When Madam Weebles wrote about three rude teenagers who insulted her, I was incensed.  I wanted to verbally castrate them, but then they have no balls, not even metaphorical ones.  But I’ve been thinking about it all day.  I’ve never been able to stand people who inflict themselves on others like these girls did to my friend Weebs.

Because for most of my life, I’ve attracted weirdos.  People just say strange things to me, often for no reason.  Jaw dropingly rude.  Sexist.  Inappropriate.  Some of them are purely mean spirited, like in Weebs’ case.   All  uncalled for.  I’d like to get back at all the people who do that sort of thing.

Do you always think of just the right thing to say if it happens to someone else?  Or, when it happens to you, do you think of a clever retort five minutes after the person is gone?

Yeah, me too.

But sometimes I come up with just the right way to get the asshole back.  OK, maybe twice I did it.  This story was one of those times.  And I’m still proud of this moment.

***

It was long, long ago.  So long ago that I was still living with my Mom and Dad.  Circa 1975, I’m thinking.  And Mom had sent me to Medi-Mart, a drug store, on an errand.

I must have been waiting for something, because I was standing in the aisle with the paperback books when a heavy-set greaser-type guy walked up to me.

Who wouldn't want HIM? (Google Image)

Who wouldn’t want HIM?
(Google Image)

“Nice tits.  I’d like to get my hands on them,” he said to me.

I looked at him, my eyes widening in serious indignation.  My retaliatory options quickly ran through my head.  In that split second of decision, I knew that could:

  • Walk off in a huff;
  • Swear at him;
  • Hit him with my purse

I also knew that none of those options would be at all satisfying, so I quickly rejected all of the above.  Instead, I decided that I would make sure he was never quite so rude to any other young woman ever again.  Ever.  In fact, I wanted to make sure that the word “tits” would cause his balls to shrivel up and fall off.

So I started flirting with him.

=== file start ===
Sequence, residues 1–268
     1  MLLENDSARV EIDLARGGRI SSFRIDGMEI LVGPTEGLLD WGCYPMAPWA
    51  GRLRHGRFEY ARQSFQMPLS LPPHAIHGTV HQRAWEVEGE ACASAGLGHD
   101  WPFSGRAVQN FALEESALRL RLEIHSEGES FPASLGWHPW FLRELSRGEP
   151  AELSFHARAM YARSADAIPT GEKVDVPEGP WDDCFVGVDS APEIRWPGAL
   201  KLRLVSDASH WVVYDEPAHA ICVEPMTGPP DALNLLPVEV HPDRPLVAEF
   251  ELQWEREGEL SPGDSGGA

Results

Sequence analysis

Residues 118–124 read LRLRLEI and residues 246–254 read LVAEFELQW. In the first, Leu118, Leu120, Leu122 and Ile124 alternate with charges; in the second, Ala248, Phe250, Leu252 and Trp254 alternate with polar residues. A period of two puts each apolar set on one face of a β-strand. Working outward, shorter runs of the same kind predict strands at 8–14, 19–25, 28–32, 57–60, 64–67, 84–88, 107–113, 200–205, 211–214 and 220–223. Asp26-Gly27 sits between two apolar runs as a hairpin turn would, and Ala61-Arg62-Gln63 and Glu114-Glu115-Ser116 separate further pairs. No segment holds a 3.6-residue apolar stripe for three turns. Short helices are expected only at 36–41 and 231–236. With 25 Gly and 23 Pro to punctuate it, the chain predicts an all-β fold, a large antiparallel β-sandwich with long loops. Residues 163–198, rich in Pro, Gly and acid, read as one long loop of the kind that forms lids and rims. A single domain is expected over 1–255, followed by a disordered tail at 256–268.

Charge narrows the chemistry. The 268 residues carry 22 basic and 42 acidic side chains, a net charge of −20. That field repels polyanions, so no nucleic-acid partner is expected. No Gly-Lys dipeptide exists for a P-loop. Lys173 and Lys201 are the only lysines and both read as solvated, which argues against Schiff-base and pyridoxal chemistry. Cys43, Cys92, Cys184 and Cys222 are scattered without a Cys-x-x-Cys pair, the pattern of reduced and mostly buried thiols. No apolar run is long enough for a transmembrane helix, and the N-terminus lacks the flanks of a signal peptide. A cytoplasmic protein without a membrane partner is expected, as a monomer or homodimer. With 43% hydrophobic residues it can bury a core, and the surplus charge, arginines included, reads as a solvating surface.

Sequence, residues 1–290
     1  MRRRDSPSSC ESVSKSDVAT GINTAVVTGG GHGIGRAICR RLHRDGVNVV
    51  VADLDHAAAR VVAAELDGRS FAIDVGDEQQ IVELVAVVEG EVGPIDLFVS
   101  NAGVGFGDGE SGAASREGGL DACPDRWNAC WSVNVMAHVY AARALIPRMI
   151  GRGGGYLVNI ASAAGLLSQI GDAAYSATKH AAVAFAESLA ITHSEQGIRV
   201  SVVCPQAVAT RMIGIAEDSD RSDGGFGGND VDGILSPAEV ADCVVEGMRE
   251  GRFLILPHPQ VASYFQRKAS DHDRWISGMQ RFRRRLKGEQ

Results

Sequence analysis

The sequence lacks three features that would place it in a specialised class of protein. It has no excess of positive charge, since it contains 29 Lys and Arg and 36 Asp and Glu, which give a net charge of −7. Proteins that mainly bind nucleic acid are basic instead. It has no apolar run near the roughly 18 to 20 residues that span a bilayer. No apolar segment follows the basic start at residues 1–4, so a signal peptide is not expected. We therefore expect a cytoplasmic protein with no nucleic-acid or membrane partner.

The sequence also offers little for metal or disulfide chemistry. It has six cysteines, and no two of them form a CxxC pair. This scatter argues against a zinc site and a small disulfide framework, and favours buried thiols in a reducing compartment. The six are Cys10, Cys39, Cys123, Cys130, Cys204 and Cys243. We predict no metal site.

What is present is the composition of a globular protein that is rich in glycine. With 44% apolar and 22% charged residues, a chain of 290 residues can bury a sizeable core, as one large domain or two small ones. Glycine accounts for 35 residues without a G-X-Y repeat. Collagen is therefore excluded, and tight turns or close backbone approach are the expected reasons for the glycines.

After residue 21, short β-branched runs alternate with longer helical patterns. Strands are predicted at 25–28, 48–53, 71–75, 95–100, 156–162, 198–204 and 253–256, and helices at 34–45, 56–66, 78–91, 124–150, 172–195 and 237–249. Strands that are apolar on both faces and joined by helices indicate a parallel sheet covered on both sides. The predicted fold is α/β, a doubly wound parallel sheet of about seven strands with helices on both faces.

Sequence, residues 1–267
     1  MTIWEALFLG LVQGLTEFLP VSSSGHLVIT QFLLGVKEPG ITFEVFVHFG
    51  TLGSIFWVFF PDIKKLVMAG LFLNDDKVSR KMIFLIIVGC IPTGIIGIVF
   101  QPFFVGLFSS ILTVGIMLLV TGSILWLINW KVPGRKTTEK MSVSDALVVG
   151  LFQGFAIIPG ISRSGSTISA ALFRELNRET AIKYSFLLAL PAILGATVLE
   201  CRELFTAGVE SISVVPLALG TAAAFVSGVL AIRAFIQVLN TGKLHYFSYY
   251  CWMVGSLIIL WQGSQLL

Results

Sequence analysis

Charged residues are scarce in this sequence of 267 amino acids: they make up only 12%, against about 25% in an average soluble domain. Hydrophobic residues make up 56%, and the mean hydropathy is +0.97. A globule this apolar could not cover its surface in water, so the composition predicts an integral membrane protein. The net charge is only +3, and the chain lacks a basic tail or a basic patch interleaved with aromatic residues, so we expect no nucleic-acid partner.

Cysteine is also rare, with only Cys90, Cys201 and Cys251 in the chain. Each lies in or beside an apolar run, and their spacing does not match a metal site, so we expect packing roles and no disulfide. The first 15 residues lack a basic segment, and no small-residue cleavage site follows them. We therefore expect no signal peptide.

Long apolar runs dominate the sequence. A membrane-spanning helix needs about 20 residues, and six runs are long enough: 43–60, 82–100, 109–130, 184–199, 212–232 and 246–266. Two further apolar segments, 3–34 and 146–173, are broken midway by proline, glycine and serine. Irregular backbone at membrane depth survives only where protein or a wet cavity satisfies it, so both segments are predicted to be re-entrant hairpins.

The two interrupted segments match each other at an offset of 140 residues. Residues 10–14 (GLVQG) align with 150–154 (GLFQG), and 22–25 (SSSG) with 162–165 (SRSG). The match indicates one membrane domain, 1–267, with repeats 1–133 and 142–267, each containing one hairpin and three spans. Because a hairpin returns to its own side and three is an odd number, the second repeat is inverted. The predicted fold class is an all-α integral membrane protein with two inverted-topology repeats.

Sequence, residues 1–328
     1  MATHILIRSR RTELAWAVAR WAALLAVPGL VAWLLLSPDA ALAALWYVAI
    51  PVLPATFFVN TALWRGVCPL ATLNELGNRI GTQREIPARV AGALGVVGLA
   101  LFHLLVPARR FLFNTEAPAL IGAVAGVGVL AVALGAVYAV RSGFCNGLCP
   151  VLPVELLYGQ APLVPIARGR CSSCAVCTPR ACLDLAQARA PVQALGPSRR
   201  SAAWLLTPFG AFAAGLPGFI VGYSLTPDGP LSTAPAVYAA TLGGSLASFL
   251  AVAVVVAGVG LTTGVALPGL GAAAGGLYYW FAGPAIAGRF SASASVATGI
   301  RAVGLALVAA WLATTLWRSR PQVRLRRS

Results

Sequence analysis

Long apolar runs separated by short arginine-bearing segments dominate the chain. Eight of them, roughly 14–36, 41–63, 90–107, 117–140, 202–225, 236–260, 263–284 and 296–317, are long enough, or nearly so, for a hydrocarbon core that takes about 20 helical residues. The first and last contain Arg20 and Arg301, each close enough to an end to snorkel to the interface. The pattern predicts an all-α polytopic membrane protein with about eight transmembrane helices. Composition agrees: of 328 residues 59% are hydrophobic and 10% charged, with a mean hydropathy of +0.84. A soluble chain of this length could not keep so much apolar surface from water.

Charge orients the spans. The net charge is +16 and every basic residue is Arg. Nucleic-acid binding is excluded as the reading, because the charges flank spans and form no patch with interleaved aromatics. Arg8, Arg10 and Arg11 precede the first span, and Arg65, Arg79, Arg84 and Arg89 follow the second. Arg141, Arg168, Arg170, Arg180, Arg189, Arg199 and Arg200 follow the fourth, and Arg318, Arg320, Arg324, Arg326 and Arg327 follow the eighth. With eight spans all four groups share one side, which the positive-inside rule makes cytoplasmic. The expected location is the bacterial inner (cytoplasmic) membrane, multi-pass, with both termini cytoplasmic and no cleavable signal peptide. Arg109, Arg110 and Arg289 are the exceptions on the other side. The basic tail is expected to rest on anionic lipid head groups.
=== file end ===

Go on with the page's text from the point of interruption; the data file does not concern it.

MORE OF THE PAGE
I batted my eyes, laughed.  Tipped my head suggestively.  Made him think that a guy saying “nice tits” to me was just what I was hoping for in a man.

“Well, how about if I give you a call,” he said after an indecently short time.

“Sure,” I said, I stuck my hand in my purse as if looking for a pen to write down my number.  “Why don’t you give me a call, just as soon as …” I looked at him with adoration, “just as soon as your voice changes OK?

“OK,” he said, a bit confused right off the bat.  And then he realized exactly what I meant.

“Why you BITCH!” he shouted at me as I walked away.

Fortunately, my dog, Kling, a large, protective German Shepherd mix was waiting for me in the car.  Because you should never piss off a greaser  unless you have backup.

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Filed under Childhood Traumas, Criminal Activity, Disgustology, Dogs, Huh?, Humor, Stupidity

Both Sides Now

“The Season” makes me crabby.  Grumpy.  Irritable.  I’ve come to hate it.  Everything about it.  I hate the music, the crowded stores, the decorations.  I especially hate the decorations.

Last year a friend stopped by our house in the middle of December.  “God, it’s December 15th,” I said to her, “and the only decoration I have up is the wreath on the door!”

“I don’t think that counts, Lease,” responded my husband John. “You didn’t take that down from last year.”

“Oh, yeah.”

Tonight, I’m looking around at my undecorated house thinking, “uggggh,” not “Ho ho ho!”

It wasn’t always true, though.  I used to be one of them.  I was a veritable Christmas Elf.  I baked, I decorated.  I embroidered Christmas stockings for the whole family.  My son Jacob and I built gingerbread houses that did not come from a mix or a box and were actually made of gingerbread stuck together in the shape of a house!  My friends got a bottle of homemade Irish Cream liqueur.  Some used it to get their kids to bed on Christmas Eve.

But mostly, I sang.  The records, tapes and CDs came out on Thanksgiving.  From the moment I woke up the day after Thanksgiving, until New Years, I would trill away.  “White Christmas,” “Do You Hear What I Hear?” “Have Yourself A Merry Little Christmas.”  I belted “Mele Kalikimaka” when I had an established escape route to avoid people trying to punch me.  I know the words to all 18,423 verses of Frosty the Snowman.  I would start singing in the shower and keep going until John tackled me and put duct tape across my mouth, usually at about 8:30 a.m.  Regardless, I’d start up again the next morning.